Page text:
Scooter World published prices of the Vespa 150cc Super at £174.10.0d and the 150 Sprint at £207.12s.6d.
Some British press of the time suggested that the Li 150 Special introduced here in 1968 was an “economy model based on the Pacemaker but with direct lighting and no battery” but the Pacemaker had the SH1/18 carb too.
Incidentally, this Li 150 Special model was produced by Innocenti in Italy and is not to be confused with the Spanish Li models that Lambretta Concessionaires imported from in the early 70s.
How Special? Talking to Dean at Rimini Lambretta Centre while researching this article, he revealed the only example of such a scooter he’s come across was one of those at Disco Dez’s pictured here.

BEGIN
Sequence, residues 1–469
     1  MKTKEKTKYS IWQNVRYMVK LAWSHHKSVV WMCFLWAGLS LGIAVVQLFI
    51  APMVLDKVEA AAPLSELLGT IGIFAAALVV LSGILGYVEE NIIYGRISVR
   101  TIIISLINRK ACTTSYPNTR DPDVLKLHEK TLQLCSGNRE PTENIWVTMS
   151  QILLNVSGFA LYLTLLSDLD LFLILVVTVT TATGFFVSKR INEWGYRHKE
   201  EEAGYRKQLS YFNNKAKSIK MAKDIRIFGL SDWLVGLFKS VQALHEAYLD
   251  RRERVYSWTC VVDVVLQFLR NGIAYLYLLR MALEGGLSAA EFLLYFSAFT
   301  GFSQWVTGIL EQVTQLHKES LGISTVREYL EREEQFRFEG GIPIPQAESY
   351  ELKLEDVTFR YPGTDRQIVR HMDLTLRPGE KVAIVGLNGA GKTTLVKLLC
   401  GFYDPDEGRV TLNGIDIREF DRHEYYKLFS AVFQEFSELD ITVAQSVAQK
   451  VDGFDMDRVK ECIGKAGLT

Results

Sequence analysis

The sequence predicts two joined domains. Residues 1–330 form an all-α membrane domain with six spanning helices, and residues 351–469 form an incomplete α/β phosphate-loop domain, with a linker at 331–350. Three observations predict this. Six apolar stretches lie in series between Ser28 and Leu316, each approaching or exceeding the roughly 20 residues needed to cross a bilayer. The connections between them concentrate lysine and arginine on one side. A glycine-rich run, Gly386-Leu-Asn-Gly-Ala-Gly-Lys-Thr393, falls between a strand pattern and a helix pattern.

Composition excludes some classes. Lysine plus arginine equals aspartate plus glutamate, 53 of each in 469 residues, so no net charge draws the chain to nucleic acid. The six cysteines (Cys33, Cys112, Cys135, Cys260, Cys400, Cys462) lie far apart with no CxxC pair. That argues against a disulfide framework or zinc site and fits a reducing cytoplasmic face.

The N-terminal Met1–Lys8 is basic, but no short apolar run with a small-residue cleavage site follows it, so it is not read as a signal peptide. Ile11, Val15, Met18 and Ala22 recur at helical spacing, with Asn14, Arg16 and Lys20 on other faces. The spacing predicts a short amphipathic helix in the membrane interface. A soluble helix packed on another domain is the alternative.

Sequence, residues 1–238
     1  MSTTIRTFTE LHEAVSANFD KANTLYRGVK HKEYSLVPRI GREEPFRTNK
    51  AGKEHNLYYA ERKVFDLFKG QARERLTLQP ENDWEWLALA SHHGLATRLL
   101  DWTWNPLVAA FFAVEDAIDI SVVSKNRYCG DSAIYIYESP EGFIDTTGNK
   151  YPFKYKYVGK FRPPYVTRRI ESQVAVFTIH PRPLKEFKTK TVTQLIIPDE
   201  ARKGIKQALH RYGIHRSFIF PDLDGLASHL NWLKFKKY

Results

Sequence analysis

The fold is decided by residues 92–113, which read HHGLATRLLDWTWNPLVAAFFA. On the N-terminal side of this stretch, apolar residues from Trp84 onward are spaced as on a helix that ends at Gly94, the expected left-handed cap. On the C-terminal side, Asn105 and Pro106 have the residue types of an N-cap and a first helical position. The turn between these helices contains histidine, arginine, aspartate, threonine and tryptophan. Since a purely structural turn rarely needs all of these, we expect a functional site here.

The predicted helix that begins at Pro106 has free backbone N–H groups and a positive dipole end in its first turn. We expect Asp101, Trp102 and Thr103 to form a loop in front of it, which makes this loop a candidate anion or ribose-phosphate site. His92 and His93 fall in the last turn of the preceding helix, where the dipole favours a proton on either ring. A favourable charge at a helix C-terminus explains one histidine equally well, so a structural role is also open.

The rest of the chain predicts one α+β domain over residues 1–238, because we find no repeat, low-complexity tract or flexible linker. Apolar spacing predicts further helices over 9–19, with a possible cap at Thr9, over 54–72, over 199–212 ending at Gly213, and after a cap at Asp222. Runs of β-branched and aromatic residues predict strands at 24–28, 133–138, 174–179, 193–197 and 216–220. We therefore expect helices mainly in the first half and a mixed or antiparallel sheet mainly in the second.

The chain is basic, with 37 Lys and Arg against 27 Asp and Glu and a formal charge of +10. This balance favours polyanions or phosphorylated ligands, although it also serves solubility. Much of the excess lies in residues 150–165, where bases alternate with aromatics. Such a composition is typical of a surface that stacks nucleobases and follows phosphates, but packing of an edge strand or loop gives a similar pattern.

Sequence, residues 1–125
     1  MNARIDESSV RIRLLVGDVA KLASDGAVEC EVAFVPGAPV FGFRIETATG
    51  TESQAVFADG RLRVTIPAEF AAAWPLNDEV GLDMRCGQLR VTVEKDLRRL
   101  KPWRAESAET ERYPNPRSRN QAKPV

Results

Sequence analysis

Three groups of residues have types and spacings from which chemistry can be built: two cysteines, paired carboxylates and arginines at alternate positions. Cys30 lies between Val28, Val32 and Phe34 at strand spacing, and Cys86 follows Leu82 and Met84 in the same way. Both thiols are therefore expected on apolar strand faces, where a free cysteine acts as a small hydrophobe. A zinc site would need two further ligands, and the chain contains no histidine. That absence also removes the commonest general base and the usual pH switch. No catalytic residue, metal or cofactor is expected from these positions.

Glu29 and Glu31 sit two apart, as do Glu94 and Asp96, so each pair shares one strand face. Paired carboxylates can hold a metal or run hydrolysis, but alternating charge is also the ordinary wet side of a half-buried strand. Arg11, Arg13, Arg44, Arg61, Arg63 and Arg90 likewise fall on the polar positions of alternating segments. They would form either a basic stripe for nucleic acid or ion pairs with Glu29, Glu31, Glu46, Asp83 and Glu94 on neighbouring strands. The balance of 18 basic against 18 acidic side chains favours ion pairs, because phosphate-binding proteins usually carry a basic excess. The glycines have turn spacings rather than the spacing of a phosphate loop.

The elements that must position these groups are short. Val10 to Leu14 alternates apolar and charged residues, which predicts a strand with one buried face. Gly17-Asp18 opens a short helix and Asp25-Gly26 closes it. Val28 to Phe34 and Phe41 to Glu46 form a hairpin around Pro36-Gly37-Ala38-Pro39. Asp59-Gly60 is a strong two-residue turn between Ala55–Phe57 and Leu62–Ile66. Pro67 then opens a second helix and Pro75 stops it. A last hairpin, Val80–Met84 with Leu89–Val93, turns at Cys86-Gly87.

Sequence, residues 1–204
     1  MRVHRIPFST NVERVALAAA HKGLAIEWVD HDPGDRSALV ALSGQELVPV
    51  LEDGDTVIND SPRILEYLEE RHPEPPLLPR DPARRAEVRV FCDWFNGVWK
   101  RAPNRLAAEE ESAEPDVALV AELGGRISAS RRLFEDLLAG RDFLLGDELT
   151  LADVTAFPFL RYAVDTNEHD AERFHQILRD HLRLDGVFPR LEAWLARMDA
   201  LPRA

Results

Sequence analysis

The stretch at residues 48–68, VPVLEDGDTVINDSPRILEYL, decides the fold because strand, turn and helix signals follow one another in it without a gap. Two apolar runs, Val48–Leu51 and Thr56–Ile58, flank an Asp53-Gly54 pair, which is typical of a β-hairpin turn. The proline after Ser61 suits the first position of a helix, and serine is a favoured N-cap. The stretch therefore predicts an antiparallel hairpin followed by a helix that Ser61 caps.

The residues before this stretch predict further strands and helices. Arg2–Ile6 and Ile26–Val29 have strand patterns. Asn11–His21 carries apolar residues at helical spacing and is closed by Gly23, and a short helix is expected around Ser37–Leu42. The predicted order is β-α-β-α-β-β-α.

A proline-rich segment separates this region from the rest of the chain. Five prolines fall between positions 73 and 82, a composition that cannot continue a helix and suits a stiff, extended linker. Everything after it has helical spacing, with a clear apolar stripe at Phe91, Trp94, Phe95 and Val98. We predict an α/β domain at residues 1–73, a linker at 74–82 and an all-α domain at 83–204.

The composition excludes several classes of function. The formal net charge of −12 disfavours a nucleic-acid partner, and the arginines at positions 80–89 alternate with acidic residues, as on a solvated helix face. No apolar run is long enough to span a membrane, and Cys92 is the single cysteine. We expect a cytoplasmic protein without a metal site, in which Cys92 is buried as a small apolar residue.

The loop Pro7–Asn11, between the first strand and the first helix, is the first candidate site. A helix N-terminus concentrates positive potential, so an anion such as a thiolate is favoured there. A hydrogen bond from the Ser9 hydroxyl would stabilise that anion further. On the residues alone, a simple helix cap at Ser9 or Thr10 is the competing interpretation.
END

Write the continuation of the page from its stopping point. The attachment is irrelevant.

Of course as the engine and frame are both stamped SX150 there’s a good chance that most of these Li Special models have simply disappeared over the years with subsequent owners innocently assuming the previous custodian had for one reason or another fitted incorrect body parts, and so the scooters have been transformed in to SX150 models that their VIN suggested. For this reason, unless any Innocenti record surface in the future it is unlikely we’ll ever know how many were made, the exact reason as to why, and because unlike the Li Series 4 there is no obvious marking on the frame to tell us what they are (or were), the chances of finding any today are getting slimmer. It’s also not known how long production lasted either, with the SX150 tailing off until the final batch of 167 were produced in January 1969. Did it continue until the end or had Innocenti run out of Li parts by then?